Latest California Healthline Stories
The devastating loss of a promising young doctor prompts soul-searching and action at one of the nation’s largest emergency room staffing companies.
Gabapentin, a medication approved to help patients with nerve pain or epilepsy, is being abused by people addicted to opioids to help prolong their high or stave off withdrawal from other drugs. Kaiser Health News reporter Carmen Heredia Rodriguez talks about the problem during a wide-ranging health discussion on the NPR program “On Point.”
States are passing laws that limit a doctor’s ability to prescribe opioids. Doctors and patients alike are wrestling with what that means in cases of chronic pain.
Only about half of the people with Alzheimer’s symptoms get a diagnosis, partly out of fear of an incurable decline, doctors suspect. But Jose Belardo says facing the future allows him to plan for it.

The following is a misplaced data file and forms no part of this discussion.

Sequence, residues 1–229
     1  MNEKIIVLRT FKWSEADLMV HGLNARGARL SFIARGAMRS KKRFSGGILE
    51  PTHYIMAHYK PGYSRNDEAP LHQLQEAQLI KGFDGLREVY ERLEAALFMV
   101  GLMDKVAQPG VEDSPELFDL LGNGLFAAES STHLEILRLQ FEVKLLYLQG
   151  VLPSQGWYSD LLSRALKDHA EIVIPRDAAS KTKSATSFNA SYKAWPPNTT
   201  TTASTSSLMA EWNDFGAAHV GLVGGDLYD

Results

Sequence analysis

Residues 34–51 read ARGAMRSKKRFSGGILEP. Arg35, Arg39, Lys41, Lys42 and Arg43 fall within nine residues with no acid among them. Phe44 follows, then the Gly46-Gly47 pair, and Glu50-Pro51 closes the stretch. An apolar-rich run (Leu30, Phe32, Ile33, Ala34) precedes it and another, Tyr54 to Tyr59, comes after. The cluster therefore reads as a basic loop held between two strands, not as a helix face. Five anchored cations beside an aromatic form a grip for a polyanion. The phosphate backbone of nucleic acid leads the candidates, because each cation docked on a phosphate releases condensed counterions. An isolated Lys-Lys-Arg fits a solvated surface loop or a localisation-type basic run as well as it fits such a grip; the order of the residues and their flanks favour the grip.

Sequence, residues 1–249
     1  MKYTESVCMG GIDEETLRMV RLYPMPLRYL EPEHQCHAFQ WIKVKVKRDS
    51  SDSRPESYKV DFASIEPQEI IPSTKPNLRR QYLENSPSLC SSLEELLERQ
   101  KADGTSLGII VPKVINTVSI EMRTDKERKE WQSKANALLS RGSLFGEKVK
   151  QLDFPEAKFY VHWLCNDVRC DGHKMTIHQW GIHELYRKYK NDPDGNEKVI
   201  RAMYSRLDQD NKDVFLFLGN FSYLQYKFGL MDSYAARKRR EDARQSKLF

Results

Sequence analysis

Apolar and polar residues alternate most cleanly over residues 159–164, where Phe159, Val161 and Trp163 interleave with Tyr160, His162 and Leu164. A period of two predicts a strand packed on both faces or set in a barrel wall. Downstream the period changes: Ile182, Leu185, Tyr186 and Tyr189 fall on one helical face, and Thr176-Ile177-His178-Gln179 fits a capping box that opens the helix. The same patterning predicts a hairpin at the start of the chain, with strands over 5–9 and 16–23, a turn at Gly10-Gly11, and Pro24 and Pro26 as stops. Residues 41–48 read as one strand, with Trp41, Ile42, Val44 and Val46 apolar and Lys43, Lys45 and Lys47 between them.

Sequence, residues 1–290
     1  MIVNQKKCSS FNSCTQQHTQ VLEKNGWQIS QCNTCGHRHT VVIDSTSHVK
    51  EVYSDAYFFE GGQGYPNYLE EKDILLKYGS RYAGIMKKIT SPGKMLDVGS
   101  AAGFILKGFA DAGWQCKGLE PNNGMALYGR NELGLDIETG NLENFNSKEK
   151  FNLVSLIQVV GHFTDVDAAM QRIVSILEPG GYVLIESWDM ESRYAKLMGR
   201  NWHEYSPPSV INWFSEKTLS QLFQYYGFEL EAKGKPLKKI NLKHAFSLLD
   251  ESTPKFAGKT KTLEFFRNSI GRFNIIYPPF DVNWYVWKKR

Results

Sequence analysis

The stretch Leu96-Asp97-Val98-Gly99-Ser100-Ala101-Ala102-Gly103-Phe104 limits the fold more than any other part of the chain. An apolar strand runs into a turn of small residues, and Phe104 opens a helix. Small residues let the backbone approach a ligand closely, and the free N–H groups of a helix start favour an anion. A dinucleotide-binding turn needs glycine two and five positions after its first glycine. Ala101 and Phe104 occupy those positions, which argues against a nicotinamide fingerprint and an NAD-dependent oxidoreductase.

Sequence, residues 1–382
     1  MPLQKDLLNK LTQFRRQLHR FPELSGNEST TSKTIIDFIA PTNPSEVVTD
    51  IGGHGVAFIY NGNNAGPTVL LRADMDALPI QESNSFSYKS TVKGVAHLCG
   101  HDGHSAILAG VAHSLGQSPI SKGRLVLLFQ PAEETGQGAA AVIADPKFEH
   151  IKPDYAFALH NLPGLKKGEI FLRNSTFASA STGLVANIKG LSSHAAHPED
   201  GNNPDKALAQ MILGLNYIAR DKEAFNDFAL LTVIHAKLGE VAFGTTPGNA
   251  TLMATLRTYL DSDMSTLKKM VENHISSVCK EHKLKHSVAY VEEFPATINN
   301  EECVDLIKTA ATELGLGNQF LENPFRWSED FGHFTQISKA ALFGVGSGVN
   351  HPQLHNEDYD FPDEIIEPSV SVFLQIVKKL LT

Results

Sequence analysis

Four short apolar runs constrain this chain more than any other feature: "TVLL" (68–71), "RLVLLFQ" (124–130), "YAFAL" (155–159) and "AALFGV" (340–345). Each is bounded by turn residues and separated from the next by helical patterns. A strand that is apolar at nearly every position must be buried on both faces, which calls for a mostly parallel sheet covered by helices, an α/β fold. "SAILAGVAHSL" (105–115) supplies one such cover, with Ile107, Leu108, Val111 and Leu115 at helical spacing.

At least 70 infants have been ordered to appear in immigration court. Experts believe some were separated from their parents.
Kaiser Health News senior correspondent Fred Schulte talks about a cache of files detailing Purdue Pharma’s early OxyContin marketing plan.
As the number of people with Alzheimer’s climbs, so does the number of loved ones caring for them. The health of 16 million unpaid U.S. caregivers has become a focus for Alzheimer’s advocacy groups.
As new federal policies make it harder to gain asylum in the U.S., foreign applicants try to improve their chances by having doctors evaluate their conditions — perhaps bolstering their stories of torture and violent persecution back home.
The nation’s effort to combat this public health crisis could get caught in the crossfire of the Trump administration’s trade policies.
Some firefighters, emergency medical providers and law enforcement officers say recent mass shootings and other calamities — disturbing enough in themselves — have brought to the surface trauma buried over years on the job. Many are reluctant to seek help, though some employers are trying to change that.